Carrbrook residents go online to highlight new quarry worries

PEOPLE living in Carrbrook have taken their concerns about the quarry above the village up a level.

The Correspondent previously reported how people are worried at the impact lorries coming to and from the Buckton Vale site are having on the area.

Now people are taking to social media to highlight just how they believe the large wagons are placing people, cars and properties in danger.

Still pictures of loaded vehicles without covers over the top, images of dirty cars and mud on the roads and claims of rocks falling from them regularly mentioned.

A ‘go slow’ of cars to register residents’ anger was also talked about, although that has now been dropped.

They will also raise concerns when Tameside Council discusses an application to extend its use until 2042 by owner W Maher and Sons.

Stuart Crompton, from the group, says he started it after seeing what he felt was people being fobbed off.

The 40-year-old, who lives on South View, said: “I went to a meeting between the residents’ association, the conservation group and Maher but to be honest that seemed a complete waste of time.

“Maher brushed every single question that was asked off, so I suggested outside setting up a Facebook group.

“This effects everyone who lives in the village, so this can make more people know about the problems and hopefully Maher can start listening to everyone’s concerns.

“It’s really to bring awareness of what’s going on. We’ve been sending comments and pictures to councillors in the area and I believe people can attend Speaker’s Panel to voice their concerns to a planning application.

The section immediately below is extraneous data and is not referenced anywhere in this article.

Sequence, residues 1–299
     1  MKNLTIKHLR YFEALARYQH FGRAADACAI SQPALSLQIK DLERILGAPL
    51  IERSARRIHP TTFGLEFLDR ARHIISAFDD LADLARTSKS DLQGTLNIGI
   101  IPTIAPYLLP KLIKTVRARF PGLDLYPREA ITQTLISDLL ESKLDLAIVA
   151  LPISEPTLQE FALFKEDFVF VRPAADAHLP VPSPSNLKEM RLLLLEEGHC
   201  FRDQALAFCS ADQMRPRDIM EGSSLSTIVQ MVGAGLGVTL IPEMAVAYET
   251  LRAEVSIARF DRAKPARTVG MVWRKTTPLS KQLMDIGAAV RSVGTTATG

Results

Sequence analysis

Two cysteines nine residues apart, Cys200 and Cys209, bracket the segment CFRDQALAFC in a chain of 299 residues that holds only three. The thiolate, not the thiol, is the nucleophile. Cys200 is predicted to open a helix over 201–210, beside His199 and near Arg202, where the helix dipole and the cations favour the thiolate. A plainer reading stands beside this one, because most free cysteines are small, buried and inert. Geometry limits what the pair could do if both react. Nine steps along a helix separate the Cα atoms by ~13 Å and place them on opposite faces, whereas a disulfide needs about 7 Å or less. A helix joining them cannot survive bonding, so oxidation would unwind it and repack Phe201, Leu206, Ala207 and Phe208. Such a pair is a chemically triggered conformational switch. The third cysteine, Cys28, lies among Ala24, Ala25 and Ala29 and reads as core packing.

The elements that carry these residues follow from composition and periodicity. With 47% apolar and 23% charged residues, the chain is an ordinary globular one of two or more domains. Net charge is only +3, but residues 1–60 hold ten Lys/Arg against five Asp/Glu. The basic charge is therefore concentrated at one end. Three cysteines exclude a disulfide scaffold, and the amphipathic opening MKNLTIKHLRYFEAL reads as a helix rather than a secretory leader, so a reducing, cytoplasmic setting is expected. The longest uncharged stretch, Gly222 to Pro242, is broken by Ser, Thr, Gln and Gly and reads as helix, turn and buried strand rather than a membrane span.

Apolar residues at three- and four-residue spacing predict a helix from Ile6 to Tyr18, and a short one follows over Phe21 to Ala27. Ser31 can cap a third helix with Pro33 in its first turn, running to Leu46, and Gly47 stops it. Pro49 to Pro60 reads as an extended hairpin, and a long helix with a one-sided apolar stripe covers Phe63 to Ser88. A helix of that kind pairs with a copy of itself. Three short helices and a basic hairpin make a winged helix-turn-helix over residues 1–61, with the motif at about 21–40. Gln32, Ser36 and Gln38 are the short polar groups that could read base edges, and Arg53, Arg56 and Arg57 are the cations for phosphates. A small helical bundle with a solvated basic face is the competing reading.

“Our evidence is being saved for that as well.”

A number of people have complained about mud being left on their cars as lorries travel past.

One person claimed her car and her husband’s van have been at the centre of several near misses because wagons have been on the wrong side of the road.

Another, who says she has lived in Carrbrook for more than 30 years, said she has to wash her car every few days because of the muck from lorries, some of which have been going up to the quarry.

People living close to the access route used by lorries believe granting it without a thorough investigation and another look at a traffic assessment survey will see their problems increase.

They also claim wagons are speeding through Carrbrook Village and the introduction of larger 12-wheeled ones has seen a new route being taken along South View rather than Carr Rise.

Jane Hyde and Anne Kennedy, two of the main opponents to Maher’s plan, say they can point to several incidents, even down to lorry drivers blocking roads by parking to take breaks.

Jane said: “If the permission is given, we feel things will only get worse with the wagons that are coming to and from the quarry. 

“I’ve heard people say, ‘Well, the quarry has been there for a long time.’ 

“Yes it has but they should be more respectful with how they are operating.”

Anne, 71, of Thorn Bank, Castle Lane, said: “When a lorry comes down the road, I can’t sit in my front room as the house rattles.

“Maher has stated there has only been one minor incident in the last five years. Most of us on Thorn Bank, Oak Bank and Castle Lane know of at least six. I’ve seen lots of near misses. It’s making our lives a misery.”

Maher and Sons are thought to have told a meeting with a concerned resident it is currently bringing in soil from a site in Glossop to shore up the damaged and dangerously eroded face of the quarry, whose contract will expire in the next month.

But Mr Crompton added: “The pictures and comments have been passed on to the residents’ association but we’ve not heard anything from the council nor the quarry yet.

“People are getting pretty passionate about the issue – Maher may say they are only brining in this material for five weeks or so but what if they need to bring more in, is it going to be a case of five weeks and that’s it?”

W Maher & Sons Ltd were contacted about the Facebook group and residents’ concerns but said they had not been able to access the Facebook group so it would be difficult for them to respond until they had seen the comments.

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